Hawaii Forest Industry Association’s vision for a forest products industry is an industry which:
PRODUCES SUBSTANTIAL ECONOMIC BENEFITS FOR THE STATE OF HAWAII, INCLUDING
- Employment opportunities offering full time family wage jobs
- Increased economic activity which will create secondary and tertiary jobs
- Reduced social service costs
- Improved export-import balance
- Better diversified economic base for greater stability
- Restoration of Hawaii’s reputation as a place to grow raw materials and to manufacture goods
PRODUCES PRODUCTS WITH THE MAXIMUM PRACTICABLE VALUE ADDED IN HAWAII
Forest products can be sold at various stages in the manufacturing process ranging from least processed, (round wood logs for export), through fully manufactured consumer products such as furniture or musical instruments. The industry should be vertically integrated to the extent feasible from growing through harvesting, primary manufacturing, secondary manufacturing for industrial sales, and final manufacturing for retail sales. More jobs are created as the material progresses toward production of finished products. As more jobs are created, more value is retained in state. Also, in many cases, particularly in making fine furniture, greater skill is required for further value added processing, resulting in better, more satisfying, jobs and more economic impact.
IS FULLY INTEGRATED TO MAXIMIZE VALUE AND TO FULLY UTILIZE HARVESTED TREES
Each raw material type (i.e., species, age of timber, size, and wood quality) has its own optimum product application. Therefore, several different types of manufacturing facilities are needed to utilize all the wood harvested and to use it for its highest potential value product. A fully integrated industry includes at least one facility of each primary manufacturing type. At a minimum this includes a sawmill, a veneer mill, and a wood-to-energy facility to utilize residuals. It is strongly preferred that there would be lumber kilns and finishing and a plywood layup plant. Whether under common ownership or separate ownerships, each facility will utilize the raw material it receives which is optimum for its process and swap sub-optimum raw material with the other facilities which can better utilize it.
WORKS TO CONTINUOUSLY IMPROVE THE FOREST RESOURCE THROUGH
- Introducing higher value species, backed by field growth tests and market research
- Continuous genetic improvements
- Refining and following best silvacultural practices
- Market development and silvaculture practices development for indigenous species
- Planting more acres than are harvested
IS INTERNATIONALLY COMPETETIVE
The forest products industry has grown very international and competitive. Our industry must be technologically advanced to be significant, even within Hawaii. Creating international markets for our goods will not only enhance employment opportunities but will have substantial impact on our economy as new dollars flow into the state.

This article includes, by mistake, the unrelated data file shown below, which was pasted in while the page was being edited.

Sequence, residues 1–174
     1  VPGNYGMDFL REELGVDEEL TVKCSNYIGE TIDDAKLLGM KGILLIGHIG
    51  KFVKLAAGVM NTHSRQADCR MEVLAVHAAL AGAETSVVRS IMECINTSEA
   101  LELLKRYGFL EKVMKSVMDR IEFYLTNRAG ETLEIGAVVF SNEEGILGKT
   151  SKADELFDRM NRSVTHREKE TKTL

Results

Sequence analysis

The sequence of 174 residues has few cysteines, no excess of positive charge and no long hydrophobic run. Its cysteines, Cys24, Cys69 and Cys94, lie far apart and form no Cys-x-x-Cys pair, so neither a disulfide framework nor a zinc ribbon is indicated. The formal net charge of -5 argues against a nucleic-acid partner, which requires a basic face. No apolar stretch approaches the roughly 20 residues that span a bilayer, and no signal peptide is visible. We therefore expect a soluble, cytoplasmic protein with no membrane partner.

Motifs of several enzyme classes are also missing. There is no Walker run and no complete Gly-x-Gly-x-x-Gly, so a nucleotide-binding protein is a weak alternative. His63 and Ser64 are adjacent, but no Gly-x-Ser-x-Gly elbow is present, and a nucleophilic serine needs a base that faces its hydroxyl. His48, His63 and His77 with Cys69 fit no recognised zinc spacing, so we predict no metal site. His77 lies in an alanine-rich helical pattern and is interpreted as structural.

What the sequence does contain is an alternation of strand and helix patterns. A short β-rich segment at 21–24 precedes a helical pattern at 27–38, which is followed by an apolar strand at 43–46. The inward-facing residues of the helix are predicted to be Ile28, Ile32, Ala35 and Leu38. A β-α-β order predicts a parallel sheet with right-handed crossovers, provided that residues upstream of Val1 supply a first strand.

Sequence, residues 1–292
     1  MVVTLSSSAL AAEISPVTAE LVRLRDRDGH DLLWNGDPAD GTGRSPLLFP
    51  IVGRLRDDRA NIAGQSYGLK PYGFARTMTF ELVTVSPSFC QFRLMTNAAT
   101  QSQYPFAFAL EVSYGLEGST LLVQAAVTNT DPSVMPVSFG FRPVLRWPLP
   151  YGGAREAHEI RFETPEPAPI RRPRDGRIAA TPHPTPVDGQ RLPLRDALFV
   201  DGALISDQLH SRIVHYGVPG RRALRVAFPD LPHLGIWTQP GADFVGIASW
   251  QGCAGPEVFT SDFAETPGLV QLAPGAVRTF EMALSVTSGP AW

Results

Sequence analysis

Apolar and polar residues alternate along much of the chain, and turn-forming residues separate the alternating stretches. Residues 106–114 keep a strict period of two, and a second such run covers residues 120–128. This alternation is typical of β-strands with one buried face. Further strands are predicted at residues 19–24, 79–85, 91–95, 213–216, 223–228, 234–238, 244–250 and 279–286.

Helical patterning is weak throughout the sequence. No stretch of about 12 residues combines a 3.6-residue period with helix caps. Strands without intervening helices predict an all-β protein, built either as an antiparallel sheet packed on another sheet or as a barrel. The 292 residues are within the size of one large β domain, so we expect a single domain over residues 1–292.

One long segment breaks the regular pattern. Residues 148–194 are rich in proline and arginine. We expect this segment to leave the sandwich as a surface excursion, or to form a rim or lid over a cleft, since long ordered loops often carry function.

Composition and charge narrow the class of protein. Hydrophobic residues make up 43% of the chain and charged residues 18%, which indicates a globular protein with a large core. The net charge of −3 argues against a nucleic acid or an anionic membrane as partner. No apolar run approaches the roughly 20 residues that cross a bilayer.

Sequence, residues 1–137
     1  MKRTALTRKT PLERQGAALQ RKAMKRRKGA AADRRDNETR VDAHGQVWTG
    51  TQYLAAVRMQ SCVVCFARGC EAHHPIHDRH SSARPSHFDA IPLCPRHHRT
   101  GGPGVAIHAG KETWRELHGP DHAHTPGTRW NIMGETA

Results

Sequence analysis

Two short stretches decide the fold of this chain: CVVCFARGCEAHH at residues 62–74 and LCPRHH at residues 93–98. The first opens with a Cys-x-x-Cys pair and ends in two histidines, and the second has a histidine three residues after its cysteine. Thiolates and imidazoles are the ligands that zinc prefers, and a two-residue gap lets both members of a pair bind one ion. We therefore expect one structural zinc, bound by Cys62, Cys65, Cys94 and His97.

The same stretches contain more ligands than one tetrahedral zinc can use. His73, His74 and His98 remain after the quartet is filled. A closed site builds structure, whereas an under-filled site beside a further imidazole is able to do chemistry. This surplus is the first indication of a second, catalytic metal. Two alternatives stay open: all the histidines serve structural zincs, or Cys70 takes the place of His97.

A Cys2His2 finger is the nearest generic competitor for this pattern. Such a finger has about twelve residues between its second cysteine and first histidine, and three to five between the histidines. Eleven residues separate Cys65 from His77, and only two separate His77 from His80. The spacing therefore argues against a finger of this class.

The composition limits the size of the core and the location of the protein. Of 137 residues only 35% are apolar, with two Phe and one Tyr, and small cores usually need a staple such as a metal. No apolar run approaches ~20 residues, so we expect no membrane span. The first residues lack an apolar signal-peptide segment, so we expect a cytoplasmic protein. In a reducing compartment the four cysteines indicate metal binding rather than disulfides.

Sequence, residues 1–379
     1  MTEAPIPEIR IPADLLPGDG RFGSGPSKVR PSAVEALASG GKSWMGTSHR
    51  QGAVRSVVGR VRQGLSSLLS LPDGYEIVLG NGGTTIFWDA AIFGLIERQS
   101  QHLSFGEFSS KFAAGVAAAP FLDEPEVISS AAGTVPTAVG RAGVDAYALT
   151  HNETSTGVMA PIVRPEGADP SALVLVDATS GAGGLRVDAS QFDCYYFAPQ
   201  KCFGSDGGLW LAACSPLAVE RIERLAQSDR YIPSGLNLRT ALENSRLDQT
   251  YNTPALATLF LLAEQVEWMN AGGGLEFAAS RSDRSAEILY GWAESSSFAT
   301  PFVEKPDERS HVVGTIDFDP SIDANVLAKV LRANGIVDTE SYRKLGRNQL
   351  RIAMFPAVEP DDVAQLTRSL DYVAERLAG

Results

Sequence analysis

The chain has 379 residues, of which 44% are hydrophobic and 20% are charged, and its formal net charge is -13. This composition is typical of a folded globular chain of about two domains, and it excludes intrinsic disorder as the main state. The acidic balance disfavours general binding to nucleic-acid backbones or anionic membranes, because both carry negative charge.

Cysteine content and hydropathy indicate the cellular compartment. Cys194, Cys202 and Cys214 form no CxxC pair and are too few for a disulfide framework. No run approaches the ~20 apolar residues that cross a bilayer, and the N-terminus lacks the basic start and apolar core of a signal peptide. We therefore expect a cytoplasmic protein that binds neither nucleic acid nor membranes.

PRODUCES ENVIRONMENTAL BENEFITS INCLUDING
- Watershed protection and enhancement
- Invasive species suppression and control
- Native forest restoration and utilization
- Soil protection and enhancement
PRODUCES SUBSTANTIAL SOCIAL BENEFITS
A forest products industry’s greatest opportunity to create social benefits is through creation of full time permanent family wage jobs in rural areas where they are needed most. The industry will also support continuing education for its workers.
The groundwork for forestry in Hawaii was laid over a century ago with the first plantings of eucalyptus and other valuable Australian and South American species and the beginning of protection of trees from grazing animals. This work was motivated primarily by the need to protect watersheds but was also driven by a wish to establish usable timber stands. The State Department of Land & Natural Resources (DLNR) planting of the Waiakea Timber Management Area in the early 1960’s was the first major tree planting efforts targeted primarily for timber production. The decline and near demise of the sugar and pineapple industries brought a resurgence of interest in finding new ways to utilize the abandoned plantations, particularly for forestry. This era was marked by the passage of Daniel Akaka’s Tropical Forest Recovery Act and the planting of 17,000 acres of abandoned sugar lands on Hawaii Island with eucalyptus by private investors for commercial purposes. Numerous studies and papers sponsored by Hawaii Forest Industry Association (HFIA), DLNR, and the US Forest Service explored the properties of various species, their processing characteristics and detailed market analysis for the potential products. This Vision Statement considers and builds on these preceding documents (listed in the Appendix) and also builds on the experience gained subsequent to the studies.
Although sufficient forest plantations to support an industry have been established, no significant manufacturing facilities have been built as yet. One segment of an integrated industry, fine custom furniture and artwork is flourishing. HFIA continues its effort to support the growth of a forest products industry and to shape the direction will create the greatest benefits for the state and its people.
- Hawaii Forest Industry Memorandum – Groome Poyry Limited – August 1984
- Forest Industry Development Research – State of Hawaii DLNR – December 2006
- Market 8 Research – Jaakko Poyry – September 2000
- Hawaii Hardwood Market Study – Hawaii Agriculture Research Center & J Quinn Company – December 2004
- The Birth of Hawaiian Forestry – Thomas R. Cox